In protest-torn Kenosha, Trump backs police

Trump speaks to the press as he tours an area affected by civil unrest in Kenosha. PHOTO: AFP
Trump talks with local business people while examining property damage to a Kenosha business in the aftermath of recent protests against police brutality and racial injustice. PHOTO: REUTERS
Trump speaks to reporters before heading to Illinois and Wisconsin aboard Air Force One. PHOTO: REUTERS

WASHINGTON - US President Donald Trump's visit on Tuesday (Sept 1) to Kenosha, the Wisconsin city devastated by riots over the shooting of a black man by police, was an occasion to double down on his law and order message as a key driver of his re-election campaign.

The visit focused on the riot-hit parts of the city, and on law enforcement; the President had his Attorney-General William Barr at his side.

Mr Trump also pledged several million dollars to revive the city.

"Loss of business and loss of property is staggering," Mr Riki Tagliapietra, a local businessman helping to lead a rebuilding effort, told him at a meeting with local business leaders and Republican politicians as Democrats stayed away.

Governor Tony Evers, a Democrat, had advised Mr Trump not to visit, saying it would exacerbate tensions.

The President did not meet the family of Mr Jacob Blake, whose shooting on Aug 23 triggered the initial protests against police racism and brutality. He also did not mention the deadly incident on Aug 25 when 17-year-old white teenager Kyle Rittenhouse - since charged with homicide - shot three people, killing two of them.

Politically the visit made sense. Wisconsin, with 10 all-important Electoral College votes, is a swing state, which Mr Trump won in 2016 by fewer than 25,000 votes.

Meanwhile, the presidential race has tightened. An Emerson College poll conducted over Aug 30-31 found that President Trump has tightened the race to a two-point margin, and is now trailing former Vice-President Joe Biden 49 per cent to 47 per cent (in July, Mr Biden held a four-point lead - 50 to 46 per cent.)

"It's all Democrats! Everything's Democrat! All these problems are Democrat cities," President Trump said, referring to the unrest that has roiled several cities.

"Violent mobs demolished or damaged at least 25 businesses, burned down public buildings, and threw bricks at police officers - which your police officers won't stand for, and they didn't stand for it," President Trump said at the meeting. "These are not acts of peaceful protest, but really domestic terror."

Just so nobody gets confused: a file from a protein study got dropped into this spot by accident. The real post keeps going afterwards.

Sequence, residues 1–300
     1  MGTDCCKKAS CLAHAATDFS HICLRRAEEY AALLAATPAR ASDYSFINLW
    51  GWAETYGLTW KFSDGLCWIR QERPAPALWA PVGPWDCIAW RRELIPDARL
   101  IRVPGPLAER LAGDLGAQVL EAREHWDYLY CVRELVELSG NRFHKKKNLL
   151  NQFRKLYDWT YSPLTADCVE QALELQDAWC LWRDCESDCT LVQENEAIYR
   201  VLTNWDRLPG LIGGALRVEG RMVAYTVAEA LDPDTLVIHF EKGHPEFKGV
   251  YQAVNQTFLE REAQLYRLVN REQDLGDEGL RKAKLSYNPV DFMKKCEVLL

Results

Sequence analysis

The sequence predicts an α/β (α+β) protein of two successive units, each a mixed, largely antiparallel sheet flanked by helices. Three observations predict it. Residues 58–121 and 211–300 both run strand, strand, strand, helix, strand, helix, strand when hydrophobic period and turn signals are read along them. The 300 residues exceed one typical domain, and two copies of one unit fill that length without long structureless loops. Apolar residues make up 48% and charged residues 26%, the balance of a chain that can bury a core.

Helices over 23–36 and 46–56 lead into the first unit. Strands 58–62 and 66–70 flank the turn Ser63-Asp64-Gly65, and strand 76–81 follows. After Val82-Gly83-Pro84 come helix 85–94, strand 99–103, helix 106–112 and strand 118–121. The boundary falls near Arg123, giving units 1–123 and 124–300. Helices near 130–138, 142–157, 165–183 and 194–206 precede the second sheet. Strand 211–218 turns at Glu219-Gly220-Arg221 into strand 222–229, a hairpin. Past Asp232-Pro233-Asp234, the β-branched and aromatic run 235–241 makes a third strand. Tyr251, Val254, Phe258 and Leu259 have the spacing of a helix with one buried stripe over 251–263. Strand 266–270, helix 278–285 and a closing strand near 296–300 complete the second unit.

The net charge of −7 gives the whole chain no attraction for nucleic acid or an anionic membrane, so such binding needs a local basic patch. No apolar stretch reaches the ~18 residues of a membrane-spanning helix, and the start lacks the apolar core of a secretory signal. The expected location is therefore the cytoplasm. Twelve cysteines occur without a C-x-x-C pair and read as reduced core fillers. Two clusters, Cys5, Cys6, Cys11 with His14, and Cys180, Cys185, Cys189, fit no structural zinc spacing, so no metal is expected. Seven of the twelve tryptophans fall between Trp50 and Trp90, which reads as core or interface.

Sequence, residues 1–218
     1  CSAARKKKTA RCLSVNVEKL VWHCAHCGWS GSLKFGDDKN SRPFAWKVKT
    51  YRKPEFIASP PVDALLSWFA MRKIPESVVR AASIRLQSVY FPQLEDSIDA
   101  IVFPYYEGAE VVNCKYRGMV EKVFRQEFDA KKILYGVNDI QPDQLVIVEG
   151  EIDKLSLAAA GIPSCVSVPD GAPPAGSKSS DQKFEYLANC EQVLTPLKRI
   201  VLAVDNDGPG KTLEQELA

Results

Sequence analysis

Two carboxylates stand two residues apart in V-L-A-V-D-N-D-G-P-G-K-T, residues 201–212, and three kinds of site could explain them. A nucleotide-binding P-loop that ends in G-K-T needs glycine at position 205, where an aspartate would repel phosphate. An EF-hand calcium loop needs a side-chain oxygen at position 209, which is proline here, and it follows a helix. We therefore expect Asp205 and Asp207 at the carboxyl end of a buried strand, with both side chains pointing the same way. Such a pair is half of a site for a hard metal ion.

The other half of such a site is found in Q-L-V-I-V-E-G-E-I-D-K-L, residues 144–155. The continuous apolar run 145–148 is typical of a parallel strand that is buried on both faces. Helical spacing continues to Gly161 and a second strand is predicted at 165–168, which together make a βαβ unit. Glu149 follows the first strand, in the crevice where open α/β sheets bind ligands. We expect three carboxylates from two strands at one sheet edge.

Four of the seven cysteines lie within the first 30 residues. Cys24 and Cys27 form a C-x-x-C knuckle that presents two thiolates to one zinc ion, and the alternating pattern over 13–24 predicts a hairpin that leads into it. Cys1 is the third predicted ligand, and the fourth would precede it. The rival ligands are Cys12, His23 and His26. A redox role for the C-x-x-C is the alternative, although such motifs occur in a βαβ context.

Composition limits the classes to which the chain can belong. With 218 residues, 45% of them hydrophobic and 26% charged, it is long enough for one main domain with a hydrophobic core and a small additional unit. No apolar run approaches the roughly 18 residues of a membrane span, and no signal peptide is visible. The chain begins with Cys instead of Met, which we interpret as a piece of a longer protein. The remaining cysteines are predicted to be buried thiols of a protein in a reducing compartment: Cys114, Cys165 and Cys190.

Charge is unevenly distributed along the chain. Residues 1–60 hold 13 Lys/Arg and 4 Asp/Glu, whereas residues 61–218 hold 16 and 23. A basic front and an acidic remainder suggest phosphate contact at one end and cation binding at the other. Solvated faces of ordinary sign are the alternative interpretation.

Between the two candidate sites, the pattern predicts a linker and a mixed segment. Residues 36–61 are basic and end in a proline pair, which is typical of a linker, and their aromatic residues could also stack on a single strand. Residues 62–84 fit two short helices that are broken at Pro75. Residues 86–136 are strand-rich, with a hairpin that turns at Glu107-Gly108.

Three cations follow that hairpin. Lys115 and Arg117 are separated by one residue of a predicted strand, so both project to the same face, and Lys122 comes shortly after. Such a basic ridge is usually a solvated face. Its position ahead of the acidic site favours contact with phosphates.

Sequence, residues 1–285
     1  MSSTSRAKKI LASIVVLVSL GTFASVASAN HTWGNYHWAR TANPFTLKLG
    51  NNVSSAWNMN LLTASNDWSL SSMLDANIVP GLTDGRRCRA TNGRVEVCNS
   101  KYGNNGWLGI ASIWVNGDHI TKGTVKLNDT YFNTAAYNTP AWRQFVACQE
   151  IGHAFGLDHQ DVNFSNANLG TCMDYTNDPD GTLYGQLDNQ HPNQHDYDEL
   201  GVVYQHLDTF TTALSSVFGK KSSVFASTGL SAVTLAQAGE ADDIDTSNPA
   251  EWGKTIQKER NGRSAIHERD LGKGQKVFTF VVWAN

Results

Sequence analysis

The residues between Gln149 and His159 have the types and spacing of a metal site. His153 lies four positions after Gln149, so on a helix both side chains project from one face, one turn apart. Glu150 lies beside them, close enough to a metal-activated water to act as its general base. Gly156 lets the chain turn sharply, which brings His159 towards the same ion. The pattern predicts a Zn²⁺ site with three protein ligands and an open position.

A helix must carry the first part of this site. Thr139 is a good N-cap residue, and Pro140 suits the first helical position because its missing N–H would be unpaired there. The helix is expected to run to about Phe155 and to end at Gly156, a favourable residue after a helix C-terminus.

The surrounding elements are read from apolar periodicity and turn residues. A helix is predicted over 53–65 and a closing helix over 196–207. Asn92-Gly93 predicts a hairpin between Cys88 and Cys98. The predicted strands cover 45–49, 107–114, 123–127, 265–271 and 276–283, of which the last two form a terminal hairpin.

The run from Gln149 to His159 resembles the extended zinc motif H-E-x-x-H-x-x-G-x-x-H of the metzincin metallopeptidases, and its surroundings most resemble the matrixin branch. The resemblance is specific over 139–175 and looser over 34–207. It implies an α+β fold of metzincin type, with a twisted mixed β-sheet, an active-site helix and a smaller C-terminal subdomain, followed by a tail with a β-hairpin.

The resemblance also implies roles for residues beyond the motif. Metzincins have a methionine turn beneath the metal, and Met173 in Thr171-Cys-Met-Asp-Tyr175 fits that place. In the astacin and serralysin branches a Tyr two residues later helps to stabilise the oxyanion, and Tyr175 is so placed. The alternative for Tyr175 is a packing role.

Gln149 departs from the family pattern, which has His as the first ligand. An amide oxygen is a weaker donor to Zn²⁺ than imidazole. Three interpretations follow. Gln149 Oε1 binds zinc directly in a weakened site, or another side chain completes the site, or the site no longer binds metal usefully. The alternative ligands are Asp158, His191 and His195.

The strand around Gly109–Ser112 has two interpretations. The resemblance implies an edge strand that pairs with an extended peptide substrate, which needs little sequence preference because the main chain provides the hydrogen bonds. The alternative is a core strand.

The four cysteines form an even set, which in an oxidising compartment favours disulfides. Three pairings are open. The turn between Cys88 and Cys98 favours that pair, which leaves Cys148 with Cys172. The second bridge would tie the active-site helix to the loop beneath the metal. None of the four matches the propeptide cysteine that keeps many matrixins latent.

"We're hiring more police, surging tough-on-crime federal prosecutors, increasing penalties for assaulting law enforcement and for dismantling Antifa," he said. "This is a bad group of people," he added. "Very, very bad, very dangerous people. And we are doing a big number on Antifa."

Members of Antifa - the name is a combination of anti-fascism - usually appear at demonstrations dressed in black with face coverings and have often fought with police and attacked property. But Antifa is organisationally amorphous, described by analysts as more like a network.

And while the President has been calling for the classification of Antifa as a domestic terror group, analysts see that as intensely political. And security analysts have advised caution.

In June, at the height of Black Lives Matter protests in a string of cities that in places saw violence, Ms Heather Williams, a senior policy researcher and professor at the Pardee RAND Graduate School, wrote for the non-partisan Rand Corporation: "It is not clear what role Antifa has played in recent protests and how that provides a transparent rationale for why it should be designated as a terrorist organisation."

"Such an action could also raise further questions about the definitional value and apolitical nature of the US terrorist organisation list. Using recent demonstrations as the impetus for such a designation could further fuel extremist violence and undermine the US legal framework for counter-terrorism investigations."

White militias have also appeared at the protests, especially lately in Portland, Oregon and in Kenosha.

Reports have not established that the teenager who on Aug 25 used a semi-automatic rifle and killed two people and wounded a third in a running melee was formally a member of any group. But he was not of age to own such a weapon, and he also crossed state lines with it, which is illegal. And police allowed him, as well as armed white militia, to be on the streets despite curfew orders.

At a press briefing on Monday, President Trump, when asked whether he would condemn the 17-year-old, seemed to defend him, suggesting that he had been acting in self-defence - which is the shooter's lawyer's argument.

"It seems abundantly clear that Donald Trump is staking his re-election on what he calls the issue of law and order," Professor of American Studies at Cornell University Glenn Altschuler told The Straits Times.

That means "essentially trying to stoke fear among Americans at the prospect of looting, arson and anarchy in their communities; and anger against protesters for racial justice by equating them with anarchists, looters, arsonists and so on. That was the theme of the Republican National Convention… and he is now doubling down on that strategy", he said.

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